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Fire mitigation study will examine rural peninsula communities

Funny River Road in winter 2022.
Riley Board
Funny River Road in winter 2022.

Nikiski, Cooper Landing and Funny River will soon go under the proverbial microscope for a study about the social and ecological elements of wildfire mitigation.

The Kenai Peninsula Borough Assembly signed on in early February to work with the Wildfire Research Center, or WiRē, on a wildfire mitigation research project across several rural peninsula communities.

WiRē has worked with 26 communities in five states on similar research, though this project will be the first in Alaska.

Chris Barth is a fire mitigation specialist who works with WiRē and also responds to wildfires, including the Swan Lake fire of 2019. He said researchers with the center have been long interested in Alaska and had already looked into getting rid of fallen trees and other wildfire fuel on public lands on the peninsula.

“Knowing that the Kenai has seen a number of large fires in recent years, and because there’s some work that’s been done on public lands in that area,” he said. “So I think things all aligned at the right time.”

He said the work on the peninsula is part of a National Science Foundation-funded project. The center will work with local firefighting agencies on a two-pronged study.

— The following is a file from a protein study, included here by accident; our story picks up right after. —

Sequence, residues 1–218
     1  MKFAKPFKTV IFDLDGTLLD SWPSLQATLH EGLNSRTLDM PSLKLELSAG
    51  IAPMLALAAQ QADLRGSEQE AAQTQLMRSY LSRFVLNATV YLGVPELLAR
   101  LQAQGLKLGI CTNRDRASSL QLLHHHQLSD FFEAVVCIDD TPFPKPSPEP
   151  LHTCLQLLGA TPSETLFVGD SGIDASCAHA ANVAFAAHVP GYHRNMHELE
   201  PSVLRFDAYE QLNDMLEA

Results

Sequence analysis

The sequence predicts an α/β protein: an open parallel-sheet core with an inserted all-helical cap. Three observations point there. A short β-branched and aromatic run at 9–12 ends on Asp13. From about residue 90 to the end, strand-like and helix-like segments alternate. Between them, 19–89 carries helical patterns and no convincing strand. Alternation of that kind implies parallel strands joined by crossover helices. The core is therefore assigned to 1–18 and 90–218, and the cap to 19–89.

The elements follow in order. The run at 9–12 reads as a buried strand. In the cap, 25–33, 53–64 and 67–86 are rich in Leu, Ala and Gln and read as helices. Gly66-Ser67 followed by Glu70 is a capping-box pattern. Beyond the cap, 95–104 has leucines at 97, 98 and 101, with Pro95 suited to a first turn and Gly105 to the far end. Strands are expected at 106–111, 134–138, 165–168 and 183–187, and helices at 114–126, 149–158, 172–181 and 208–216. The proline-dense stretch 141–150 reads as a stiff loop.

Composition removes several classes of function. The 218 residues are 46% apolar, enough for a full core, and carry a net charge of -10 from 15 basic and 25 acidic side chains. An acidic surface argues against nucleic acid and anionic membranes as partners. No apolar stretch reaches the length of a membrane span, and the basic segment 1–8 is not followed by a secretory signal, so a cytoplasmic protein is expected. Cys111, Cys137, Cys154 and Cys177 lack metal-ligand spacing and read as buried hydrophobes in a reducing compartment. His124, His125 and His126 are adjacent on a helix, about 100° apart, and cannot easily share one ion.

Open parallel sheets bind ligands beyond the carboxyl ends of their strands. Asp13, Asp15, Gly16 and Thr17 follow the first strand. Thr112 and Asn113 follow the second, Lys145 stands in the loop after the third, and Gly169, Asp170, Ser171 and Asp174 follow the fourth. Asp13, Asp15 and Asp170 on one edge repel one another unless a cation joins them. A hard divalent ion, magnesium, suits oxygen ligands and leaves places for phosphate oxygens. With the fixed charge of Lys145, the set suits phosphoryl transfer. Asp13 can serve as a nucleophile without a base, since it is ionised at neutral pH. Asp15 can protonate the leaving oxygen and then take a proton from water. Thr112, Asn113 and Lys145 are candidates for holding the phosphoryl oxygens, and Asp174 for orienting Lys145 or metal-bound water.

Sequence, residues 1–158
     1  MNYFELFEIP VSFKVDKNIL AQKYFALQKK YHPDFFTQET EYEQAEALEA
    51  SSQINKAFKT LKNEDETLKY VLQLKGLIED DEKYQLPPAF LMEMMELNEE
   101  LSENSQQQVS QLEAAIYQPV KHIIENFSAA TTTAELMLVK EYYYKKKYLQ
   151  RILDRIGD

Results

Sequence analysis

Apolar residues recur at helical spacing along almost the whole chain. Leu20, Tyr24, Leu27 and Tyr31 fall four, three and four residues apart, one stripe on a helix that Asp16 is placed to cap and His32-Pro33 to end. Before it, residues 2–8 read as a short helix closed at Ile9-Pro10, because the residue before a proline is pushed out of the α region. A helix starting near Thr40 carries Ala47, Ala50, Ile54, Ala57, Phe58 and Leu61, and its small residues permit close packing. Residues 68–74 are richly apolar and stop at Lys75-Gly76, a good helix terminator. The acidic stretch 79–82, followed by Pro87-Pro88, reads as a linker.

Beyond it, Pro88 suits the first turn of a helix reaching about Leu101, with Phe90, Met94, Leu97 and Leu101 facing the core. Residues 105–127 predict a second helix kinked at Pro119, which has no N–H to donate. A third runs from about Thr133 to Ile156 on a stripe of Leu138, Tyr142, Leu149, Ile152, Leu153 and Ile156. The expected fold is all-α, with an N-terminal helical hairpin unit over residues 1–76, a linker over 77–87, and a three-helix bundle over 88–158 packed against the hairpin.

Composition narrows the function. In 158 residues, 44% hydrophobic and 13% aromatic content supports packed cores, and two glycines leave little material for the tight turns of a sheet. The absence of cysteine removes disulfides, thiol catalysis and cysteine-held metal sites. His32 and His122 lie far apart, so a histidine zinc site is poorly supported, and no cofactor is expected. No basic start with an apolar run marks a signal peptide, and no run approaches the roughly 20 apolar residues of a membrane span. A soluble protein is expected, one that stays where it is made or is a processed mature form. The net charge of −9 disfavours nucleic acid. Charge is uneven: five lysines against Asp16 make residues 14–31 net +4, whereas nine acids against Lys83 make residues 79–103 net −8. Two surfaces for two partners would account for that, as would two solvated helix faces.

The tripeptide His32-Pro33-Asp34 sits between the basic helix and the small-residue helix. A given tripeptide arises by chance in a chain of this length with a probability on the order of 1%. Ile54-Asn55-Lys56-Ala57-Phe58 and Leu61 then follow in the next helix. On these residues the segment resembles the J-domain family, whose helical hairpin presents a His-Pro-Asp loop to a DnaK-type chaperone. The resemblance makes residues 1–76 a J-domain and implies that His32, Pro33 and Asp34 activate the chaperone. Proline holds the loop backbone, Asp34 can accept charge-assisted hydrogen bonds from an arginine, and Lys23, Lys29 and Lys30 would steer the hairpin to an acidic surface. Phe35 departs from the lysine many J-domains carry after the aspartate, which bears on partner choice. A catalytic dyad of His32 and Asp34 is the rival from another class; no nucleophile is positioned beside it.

The first step is collecting data on wildfire risks to properties. The second step is sending a survey to every household in the study area.

“Through the risk assessment, we understand the biophysical conditions on the ground that contribute to wildfire risk or home vulnerability, etc,” Barth said. “And then the household survey is an opportunity for those living in those locations to respond how they view those same things.”

Barth said this allows the researchers to understand how residents view their personal level of wildfire vulnerability, and to figure out how willing residents are to engage in wildfire mitigation on their own properties.

After it collects data, WiRē can use its findings to help local agencies and borough emergency departments figure out how to best cater to residents. Those local agencies include Cooper Landing Emergency Services, Central Emergency Services, the Nikiski Fire Service Area and the borough’s Office of Emergency Management.

Barth said past research has identified factors like a local ordinance about vegetation that made it difficult for residents to do wildfire mitigation on their properties. He said in that case, the local ordinance was changed.

“When all that information was combined, gathered, analyzed, etc, we were able to work with our partners and say, “Hey, these people would like to do these things, but some of the things that are in place in your community are preventing them from doing it,”’ he said.

In other communities, he said WiRē has helped determine the best ways to get information out.

WiRē staff will arrive on the peninsula in May to work on data collection, and work on virtual trainings this month. They plan to send the household survey later in the summer.

Riley Board is a Report For America participant and senior reporter at KDLL covering rural communities on the central Kenai Peninsula.
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